The pacifying state (cont.): the sovereignty of the police

The transformation of political issues into security matters makes explicit the relationship, if not the identity, of sovereignty and the exercise of police power.  The “police – contrary to public opinion – are not merely an administrative function of law enforcement; rather, the police are perhaps the place where the proximity and the almost constitutive exchange between violence and right that characterizes the figure of the sovereign is shown more nakedly and clearly than anywhere else”. (Giorgio Agamben, Means Without End, 103)  The adversary then of political power, of a particular political regime, is then criminalized, along with all protest.

And so the Spanish government endeavours to render criminal all that is associated with the politics of 15M.  The liberticidal proposed law, the Law of Citizen Security, has been approved in the council of ministers, the final step before a parliamentary vote. (Periódico Diagonal  29/11/2013)  And in the meantime, the citizens continue to be controlled, fined, arrested, beaten … all for their security.

(Protest against the law, Madrid, 28/11/2013):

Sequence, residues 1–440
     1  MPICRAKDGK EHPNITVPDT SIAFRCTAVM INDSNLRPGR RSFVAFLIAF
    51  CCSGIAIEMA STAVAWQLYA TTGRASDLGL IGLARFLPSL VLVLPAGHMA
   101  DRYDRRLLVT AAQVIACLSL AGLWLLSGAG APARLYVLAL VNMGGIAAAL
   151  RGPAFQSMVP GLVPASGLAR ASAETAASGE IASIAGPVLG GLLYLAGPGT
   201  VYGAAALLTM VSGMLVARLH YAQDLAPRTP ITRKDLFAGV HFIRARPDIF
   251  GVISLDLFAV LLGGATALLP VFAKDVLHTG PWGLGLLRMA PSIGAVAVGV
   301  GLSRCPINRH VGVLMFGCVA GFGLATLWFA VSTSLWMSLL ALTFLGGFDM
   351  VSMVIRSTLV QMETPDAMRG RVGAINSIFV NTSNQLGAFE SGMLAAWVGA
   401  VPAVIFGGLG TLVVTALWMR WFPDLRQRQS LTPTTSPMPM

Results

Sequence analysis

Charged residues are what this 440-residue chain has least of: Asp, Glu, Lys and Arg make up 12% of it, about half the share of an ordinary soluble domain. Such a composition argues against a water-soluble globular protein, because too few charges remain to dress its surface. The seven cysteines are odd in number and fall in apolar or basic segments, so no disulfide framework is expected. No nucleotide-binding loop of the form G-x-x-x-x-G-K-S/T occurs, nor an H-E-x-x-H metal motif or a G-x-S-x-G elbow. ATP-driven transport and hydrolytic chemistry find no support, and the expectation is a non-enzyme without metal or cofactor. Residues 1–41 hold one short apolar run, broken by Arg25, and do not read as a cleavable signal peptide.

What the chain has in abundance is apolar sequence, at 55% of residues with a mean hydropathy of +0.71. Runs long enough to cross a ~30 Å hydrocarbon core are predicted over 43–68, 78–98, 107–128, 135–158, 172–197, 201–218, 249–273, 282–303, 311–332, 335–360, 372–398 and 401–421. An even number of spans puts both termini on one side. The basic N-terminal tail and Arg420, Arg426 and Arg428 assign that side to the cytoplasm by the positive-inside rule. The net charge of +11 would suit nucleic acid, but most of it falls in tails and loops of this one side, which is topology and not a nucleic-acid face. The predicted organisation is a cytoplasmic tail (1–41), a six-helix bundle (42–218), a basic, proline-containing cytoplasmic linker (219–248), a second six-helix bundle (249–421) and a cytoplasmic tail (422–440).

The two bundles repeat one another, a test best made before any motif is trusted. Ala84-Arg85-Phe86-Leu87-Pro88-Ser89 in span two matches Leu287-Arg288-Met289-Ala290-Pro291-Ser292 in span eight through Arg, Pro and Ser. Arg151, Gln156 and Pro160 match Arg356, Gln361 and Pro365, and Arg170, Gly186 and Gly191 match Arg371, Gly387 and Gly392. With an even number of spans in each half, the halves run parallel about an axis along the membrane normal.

And yet what fragility reveals itself here; not only that of fear, but also that which exposes those who exercise power as the criminals.  Sovereignty is unmasked, the king goes about naked, and all that remains is for all too see as the child sees.

“What the heads of state, who rushed to criminalise the enemy with such zeal, have not yet realised is that this criminalisation can at any moment be turned against them.  There is no head of state on Earth today who, in this sense, is not virtually a criminal.  Today, those who should happen to wear the sad redingote of sovereignty know that they may be treated as criminals one day by their colleagues.  And certainly we will not be the ones to pity them.  The sovereign who willingly agreed to present themselves as cops or executioners, in fact, now show in the end their original proximity to the criminal. (Giorgio Agamben, Means Without End, 106)       

This entry was posted in Commentary, News blog and tagged , . Bookmark the permalink.

Leave a Reply

Your email address will not be published. Required fields are marked *

This site uses Akismet to reduce spam. Learn how your comment data is processed.